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NCJ Number: 77560 Find in a Library
Title: Practical Look at the Sentencing Provisions of S 1722
Journal: Journal of Criminal Law and Criminology  Volume:72  Issue:2  Dated:(Summer 1981)  Pages:555-630
Author(s): G B Tjoflat
Date Published: 1981
Page Count: 76
Type: Report (Study/Research)
Format: Article
Language: English
Country: United States of America
Annotation: The sentencing provisions of Senate bill 1722 are assessed from the practical standpoint of a judge, who must interpret and apply them, by means of discussion of a hypothetical case.
Abstract: An overview of S. 1722 looks into the general purposes of the bill and the implementation of the bill in the form of guidelines and commissions. A hypothetical case is then presented which involves the arrest of two offenders and proceeds through their sentencing hearings, motions to correct their sentences, and their various appeals. Applicable guidelines to the case are considered, with attention given to establishing the categories of the offense and of defendants; the needs for rehabilitation, incapacitation, and punishment; and guidelines for each category of offense involving each category of defendant. Examination of the hypothetical hearing attends to the prehearing motions, the alleged constitutional deficiencies (due process and double jeopardy objections), the alleged statutory deficiencies, the alleged deficiencies in the guidelines and policy statements, and the relief sought. The court's rulings in the hypothetical case are outlined, and the sentence review is proposed. Finally, matters to be considered in evaluating S. 1722 are covered, including alleviation of unwarranted disparity, appellate review, and constitutional questions and questions of statutory interpretation; suggestions for reform are presented. Footnotes are included.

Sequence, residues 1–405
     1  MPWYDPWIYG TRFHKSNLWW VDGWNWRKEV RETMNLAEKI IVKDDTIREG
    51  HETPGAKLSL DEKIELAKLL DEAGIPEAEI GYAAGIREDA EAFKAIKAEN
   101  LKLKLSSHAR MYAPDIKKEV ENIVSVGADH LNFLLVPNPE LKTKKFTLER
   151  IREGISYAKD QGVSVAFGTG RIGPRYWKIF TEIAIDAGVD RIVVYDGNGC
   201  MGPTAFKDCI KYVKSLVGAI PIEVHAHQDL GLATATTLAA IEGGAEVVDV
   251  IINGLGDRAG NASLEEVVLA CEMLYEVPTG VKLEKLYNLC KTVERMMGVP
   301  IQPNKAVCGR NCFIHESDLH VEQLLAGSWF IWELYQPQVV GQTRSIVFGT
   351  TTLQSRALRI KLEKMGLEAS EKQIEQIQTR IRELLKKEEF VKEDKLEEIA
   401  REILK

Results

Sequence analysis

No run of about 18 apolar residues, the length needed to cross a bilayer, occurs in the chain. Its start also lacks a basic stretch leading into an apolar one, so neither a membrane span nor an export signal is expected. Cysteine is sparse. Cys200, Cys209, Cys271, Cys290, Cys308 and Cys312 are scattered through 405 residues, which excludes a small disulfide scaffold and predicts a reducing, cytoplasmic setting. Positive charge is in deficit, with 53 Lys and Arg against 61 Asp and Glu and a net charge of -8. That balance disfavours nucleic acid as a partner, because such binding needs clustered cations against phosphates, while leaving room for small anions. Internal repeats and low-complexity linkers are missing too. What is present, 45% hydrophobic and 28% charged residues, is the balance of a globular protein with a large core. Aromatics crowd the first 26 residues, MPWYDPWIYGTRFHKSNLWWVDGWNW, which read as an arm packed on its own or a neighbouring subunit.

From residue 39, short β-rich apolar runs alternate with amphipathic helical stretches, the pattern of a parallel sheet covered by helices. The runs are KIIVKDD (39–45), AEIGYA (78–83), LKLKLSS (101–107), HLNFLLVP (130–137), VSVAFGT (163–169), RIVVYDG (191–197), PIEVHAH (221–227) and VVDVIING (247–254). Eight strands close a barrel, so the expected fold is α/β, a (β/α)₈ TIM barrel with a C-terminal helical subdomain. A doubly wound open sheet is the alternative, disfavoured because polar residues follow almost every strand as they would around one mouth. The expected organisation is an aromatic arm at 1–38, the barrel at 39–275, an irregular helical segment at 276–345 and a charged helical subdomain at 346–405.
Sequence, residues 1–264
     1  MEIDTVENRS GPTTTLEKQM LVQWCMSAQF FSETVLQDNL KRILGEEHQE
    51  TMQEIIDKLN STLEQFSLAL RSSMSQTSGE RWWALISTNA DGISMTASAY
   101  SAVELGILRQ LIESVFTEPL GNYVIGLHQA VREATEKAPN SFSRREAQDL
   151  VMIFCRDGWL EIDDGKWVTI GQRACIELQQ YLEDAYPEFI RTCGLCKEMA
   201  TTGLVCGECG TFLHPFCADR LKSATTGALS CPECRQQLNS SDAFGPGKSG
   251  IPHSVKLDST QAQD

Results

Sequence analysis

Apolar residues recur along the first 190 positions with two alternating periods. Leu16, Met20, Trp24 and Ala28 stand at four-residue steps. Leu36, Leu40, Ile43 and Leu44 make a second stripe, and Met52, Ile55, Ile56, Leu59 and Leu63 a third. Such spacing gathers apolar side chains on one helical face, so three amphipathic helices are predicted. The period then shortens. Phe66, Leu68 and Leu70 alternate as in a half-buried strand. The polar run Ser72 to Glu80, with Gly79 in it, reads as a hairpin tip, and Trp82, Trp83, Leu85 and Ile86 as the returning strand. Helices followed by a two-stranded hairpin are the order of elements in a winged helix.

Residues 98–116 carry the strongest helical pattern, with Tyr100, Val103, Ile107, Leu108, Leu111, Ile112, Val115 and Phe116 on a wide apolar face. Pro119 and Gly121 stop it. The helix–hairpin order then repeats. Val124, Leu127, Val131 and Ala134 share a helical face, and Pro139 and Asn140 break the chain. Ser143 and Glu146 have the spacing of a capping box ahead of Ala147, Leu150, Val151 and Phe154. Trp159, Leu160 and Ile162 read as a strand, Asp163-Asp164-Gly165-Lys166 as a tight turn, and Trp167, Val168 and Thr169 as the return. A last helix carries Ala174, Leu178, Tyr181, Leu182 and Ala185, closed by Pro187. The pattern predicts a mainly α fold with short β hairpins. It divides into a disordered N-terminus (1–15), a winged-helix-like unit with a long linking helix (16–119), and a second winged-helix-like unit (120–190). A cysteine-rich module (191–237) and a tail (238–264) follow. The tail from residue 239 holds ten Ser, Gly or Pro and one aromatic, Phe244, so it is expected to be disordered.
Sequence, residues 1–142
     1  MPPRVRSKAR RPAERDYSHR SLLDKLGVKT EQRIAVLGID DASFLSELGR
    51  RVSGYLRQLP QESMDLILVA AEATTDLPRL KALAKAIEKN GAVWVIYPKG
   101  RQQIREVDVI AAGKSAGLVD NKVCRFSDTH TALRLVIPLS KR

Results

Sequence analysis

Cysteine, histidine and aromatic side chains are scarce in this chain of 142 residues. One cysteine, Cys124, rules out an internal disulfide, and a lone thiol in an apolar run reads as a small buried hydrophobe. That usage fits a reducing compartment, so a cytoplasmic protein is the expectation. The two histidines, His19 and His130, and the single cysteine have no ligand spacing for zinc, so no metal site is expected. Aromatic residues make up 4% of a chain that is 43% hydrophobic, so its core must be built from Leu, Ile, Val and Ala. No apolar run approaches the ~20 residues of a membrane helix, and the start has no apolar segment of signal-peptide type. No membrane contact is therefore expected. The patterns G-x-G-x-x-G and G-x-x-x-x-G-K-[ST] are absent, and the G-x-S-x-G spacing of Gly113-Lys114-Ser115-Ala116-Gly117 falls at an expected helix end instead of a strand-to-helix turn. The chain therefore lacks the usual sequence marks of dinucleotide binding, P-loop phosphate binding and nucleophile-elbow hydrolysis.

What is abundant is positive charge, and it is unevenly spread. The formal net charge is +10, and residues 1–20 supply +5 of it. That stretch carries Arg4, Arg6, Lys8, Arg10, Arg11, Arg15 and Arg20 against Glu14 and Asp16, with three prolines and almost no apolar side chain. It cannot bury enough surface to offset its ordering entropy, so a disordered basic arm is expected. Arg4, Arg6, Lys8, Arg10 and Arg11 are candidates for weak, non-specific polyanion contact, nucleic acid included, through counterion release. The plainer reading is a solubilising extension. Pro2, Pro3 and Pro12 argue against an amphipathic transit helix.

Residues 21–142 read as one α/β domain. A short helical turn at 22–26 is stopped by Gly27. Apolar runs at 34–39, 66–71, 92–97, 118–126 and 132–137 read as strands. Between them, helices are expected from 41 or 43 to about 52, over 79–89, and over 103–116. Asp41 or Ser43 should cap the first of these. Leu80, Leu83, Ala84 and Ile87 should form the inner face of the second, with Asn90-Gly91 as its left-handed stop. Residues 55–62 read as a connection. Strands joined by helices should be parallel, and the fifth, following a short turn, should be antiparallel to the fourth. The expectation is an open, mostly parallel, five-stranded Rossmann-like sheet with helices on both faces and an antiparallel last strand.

Index Term(s): Case studies; Critiques; Federal Code; Judicial discretion; Sentencing disparity; Sentencing guidelines; Sentencing reform
Note: Presented at the Symposium on the Policies and Legal Theories Underlying the Proposed Federal Criminal Code.
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